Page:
Volume 23, Number 5 | The Newspaper of Lower Manhattan | June 11 - 17, 2010
Downtown bars gearing up for world’s biggest sporting event
BY Joseph Rearick
The entire world is gearing up for its most popular sporting event, the World Cup, and Lower Manhattan’s bar scene is no exception. Hoping to attract the tabs of thousands of international and homebred fans, several Downtown bars and restaurants are making special preparations for the coming matches, fostering an environment of soccer enthusiasm.
Noel McDermott and his partner Ronan Towns, owners of Beckett’s Restaurant of 81 Pearl Street, plan to adapt their sports bar for maximum capacity during the anxiously awaited tournament. In response to the anticipated demand for seating, they have installed two 46-inch televisions for supporters seated outside in addition to the dozens of televisions already available to fans.
“We will be packed,” McDermott said. “We are more or less the only sports bar in the area. And we’re showing all the games.”
As is as often the case with World Cups, this tournament’s games will be played in a vastly different time zone, causing odd broadcasting schedules in the United States. In 2002,the host country was South Korea, and in order to watch live games, fans here had to wake up as early as 3:30 in the morning to watch the USA team play.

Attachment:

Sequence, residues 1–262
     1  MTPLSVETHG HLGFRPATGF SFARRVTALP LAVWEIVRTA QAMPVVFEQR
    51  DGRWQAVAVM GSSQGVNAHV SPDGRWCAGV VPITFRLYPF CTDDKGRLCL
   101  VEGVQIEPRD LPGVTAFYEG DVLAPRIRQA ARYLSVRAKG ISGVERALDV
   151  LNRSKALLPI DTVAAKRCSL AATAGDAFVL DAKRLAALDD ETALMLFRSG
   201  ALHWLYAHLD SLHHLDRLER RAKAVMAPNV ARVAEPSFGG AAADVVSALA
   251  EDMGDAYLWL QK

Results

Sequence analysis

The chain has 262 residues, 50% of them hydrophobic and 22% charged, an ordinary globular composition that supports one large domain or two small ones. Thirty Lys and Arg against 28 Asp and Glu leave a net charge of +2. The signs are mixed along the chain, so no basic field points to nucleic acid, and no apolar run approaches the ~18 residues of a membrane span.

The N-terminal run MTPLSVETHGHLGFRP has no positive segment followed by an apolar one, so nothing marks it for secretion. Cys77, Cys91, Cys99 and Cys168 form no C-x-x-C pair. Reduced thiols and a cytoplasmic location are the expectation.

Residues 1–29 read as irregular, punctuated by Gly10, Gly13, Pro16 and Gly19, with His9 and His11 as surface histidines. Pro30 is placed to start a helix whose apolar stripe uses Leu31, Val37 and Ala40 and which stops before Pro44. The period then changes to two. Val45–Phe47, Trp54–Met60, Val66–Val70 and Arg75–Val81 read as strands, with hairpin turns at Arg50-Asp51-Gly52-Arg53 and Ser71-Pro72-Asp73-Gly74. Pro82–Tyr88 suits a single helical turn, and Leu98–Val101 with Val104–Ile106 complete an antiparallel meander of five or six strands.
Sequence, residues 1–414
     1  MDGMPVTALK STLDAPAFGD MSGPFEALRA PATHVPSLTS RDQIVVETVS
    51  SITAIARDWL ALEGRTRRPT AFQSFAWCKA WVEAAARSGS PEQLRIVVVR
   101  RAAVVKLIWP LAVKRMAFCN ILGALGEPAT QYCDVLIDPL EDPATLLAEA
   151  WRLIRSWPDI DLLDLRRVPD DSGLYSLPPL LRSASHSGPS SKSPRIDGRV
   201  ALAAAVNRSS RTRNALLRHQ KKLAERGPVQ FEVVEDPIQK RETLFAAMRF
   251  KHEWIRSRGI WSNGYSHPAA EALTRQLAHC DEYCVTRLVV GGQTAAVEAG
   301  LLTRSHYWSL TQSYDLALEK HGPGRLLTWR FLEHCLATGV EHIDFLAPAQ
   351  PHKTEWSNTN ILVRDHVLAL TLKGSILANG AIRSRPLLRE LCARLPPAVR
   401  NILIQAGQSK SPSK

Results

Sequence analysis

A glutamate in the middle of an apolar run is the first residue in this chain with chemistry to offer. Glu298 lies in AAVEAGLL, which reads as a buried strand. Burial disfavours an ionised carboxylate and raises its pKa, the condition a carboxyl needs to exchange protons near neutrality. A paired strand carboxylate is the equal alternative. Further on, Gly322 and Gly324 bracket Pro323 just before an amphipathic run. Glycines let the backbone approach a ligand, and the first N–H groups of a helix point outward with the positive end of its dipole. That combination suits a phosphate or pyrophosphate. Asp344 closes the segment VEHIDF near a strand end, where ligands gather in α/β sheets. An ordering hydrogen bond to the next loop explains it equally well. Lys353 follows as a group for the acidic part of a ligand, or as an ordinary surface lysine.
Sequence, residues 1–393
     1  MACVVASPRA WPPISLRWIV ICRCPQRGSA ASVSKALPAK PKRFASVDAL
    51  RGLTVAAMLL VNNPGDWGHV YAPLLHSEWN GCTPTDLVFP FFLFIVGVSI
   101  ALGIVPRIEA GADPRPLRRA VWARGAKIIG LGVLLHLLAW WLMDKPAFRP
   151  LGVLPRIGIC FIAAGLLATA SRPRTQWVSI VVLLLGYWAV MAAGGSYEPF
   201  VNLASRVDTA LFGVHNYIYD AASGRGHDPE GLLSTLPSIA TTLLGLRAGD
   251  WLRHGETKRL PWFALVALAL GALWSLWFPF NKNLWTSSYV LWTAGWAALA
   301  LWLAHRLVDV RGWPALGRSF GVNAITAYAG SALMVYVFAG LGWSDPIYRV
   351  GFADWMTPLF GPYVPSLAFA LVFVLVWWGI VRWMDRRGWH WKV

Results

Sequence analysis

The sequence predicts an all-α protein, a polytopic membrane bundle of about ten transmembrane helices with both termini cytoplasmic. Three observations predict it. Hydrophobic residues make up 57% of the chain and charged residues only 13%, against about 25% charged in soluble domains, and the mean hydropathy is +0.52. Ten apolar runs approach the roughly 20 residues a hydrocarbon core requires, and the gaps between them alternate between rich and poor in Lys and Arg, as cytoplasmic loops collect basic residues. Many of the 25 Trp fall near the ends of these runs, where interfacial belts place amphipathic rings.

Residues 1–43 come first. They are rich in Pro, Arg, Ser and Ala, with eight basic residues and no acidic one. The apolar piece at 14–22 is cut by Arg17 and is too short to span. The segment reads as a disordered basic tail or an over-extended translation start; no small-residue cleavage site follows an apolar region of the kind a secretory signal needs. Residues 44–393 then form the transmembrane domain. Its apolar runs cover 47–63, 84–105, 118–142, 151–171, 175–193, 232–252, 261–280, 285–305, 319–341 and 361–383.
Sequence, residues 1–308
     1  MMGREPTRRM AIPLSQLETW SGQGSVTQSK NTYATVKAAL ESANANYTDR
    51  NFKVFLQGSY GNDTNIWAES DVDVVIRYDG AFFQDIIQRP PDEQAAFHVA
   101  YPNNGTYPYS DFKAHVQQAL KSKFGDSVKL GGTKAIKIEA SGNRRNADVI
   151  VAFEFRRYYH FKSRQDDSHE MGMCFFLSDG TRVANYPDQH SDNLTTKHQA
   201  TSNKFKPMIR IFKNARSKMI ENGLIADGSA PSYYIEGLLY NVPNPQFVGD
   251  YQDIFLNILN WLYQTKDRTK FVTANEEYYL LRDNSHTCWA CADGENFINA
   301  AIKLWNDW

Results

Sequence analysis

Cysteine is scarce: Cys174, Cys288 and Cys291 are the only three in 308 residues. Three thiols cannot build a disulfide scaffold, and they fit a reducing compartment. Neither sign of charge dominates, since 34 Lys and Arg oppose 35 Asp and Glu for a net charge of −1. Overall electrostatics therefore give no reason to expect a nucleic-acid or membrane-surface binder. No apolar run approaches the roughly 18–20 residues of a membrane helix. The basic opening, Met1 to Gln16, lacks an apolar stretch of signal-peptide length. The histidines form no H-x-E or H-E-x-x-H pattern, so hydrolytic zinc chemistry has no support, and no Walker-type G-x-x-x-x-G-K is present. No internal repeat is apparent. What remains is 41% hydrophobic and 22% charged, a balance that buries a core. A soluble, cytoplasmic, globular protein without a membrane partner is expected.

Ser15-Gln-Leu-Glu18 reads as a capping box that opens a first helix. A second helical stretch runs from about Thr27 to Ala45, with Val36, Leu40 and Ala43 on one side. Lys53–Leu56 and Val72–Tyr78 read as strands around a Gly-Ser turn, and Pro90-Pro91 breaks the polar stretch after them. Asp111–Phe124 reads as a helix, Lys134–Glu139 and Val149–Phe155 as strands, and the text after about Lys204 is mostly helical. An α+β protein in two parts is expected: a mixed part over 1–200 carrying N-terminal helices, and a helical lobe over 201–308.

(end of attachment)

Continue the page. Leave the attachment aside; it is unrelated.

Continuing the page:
This year, there will be a six-hour time difference. Games played at 1:30 p.m. in South Africa will be broadcasted here at 7:30 a.m. So are the bars going to open extra early for those games?
“Yes,” said McDermott, “We are open for those early seven o’clock games.”
Just down the street, Ulysses’ Folk House is also getting ready to serve the Downtown area’s soccer devotees. Mike Rosaly, the bar’s manager, hopes to stir up excitement by offering a series of specials on everything from pilsner to paraphernalia.
“We’re offering beer specials on select days throughout the World Cup,” he said, “and giveaways from beer companies” including shirts and key-chains.
Will the Irish-themed bar be supporting the American squad in lieu of Ireland, which did not qualify for this year’s Cup?
“Not really,” said Rosaly. “We’ve got a lot of English and Australian regulars.”
Perhaps the most dramatic World Cup preparation is the literal transformation of South Street Seaport’s Red Restaurant into Puma City, a promotional venue sponsored by the sneaker company of the same name. Bearing the tagline “Football by day, parties by night,” Puma City will include an outdoor Jumbotron, a “Puma Social Club” for dancing, and a 30-by-70 foot soccer field available to the public. Ridgely Trufant, who manages Red, said her staff was “extremely excited” for the venture with Puma.
“This is a change, so it’s all kind of new and mysterious,” she said. “But we hope and anticipate it will be quite a party.” With Puma City’s festivities slated to run for the month-long extent of the Cup, how could it not be?